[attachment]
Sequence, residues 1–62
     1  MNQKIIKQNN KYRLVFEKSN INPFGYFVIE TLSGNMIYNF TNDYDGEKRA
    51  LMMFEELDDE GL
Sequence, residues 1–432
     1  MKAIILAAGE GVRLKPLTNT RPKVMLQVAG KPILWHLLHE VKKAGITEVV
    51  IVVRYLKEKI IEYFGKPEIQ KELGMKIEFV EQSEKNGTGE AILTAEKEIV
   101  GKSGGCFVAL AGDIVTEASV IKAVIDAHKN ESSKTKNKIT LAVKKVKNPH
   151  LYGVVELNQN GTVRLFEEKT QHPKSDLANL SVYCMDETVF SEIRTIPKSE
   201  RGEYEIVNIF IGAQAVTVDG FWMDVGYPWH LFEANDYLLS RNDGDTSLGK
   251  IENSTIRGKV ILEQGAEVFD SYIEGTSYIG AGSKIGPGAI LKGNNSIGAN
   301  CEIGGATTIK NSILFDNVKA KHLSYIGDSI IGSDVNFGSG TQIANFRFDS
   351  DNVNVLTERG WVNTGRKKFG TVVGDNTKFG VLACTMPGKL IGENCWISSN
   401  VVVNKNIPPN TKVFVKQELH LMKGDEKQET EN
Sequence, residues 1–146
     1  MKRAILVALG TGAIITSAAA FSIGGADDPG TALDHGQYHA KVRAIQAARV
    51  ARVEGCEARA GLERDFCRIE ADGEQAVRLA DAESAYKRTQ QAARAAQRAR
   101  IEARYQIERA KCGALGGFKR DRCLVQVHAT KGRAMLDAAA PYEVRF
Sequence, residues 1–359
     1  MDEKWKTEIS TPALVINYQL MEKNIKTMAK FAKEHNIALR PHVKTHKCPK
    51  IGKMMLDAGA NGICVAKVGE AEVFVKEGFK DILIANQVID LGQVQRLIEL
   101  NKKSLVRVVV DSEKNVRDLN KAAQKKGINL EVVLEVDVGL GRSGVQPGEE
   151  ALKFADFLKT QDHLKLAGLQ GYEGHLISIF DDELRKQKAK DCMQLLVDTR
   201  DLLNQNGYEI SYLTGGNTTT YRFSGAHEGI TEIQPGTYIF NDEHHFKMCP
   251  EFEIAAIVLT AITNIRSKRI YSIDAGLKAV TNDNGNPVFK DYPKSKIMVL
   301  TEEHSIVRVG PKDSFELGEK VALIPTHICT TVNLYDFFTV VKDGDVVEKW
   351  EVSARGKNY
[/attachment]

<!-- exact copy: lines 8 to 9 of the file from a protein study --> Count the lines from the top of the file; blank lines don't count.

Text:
   151  LYGVVELNQN GTVRLFEEKT QHPKSDLANL SVYCMDETVF SEIRTIPKSE
   201  RGEYEIVNIF IGAQAVTVDG FWMDVGYPWH LFEANDYLLS RNDGDTSLGK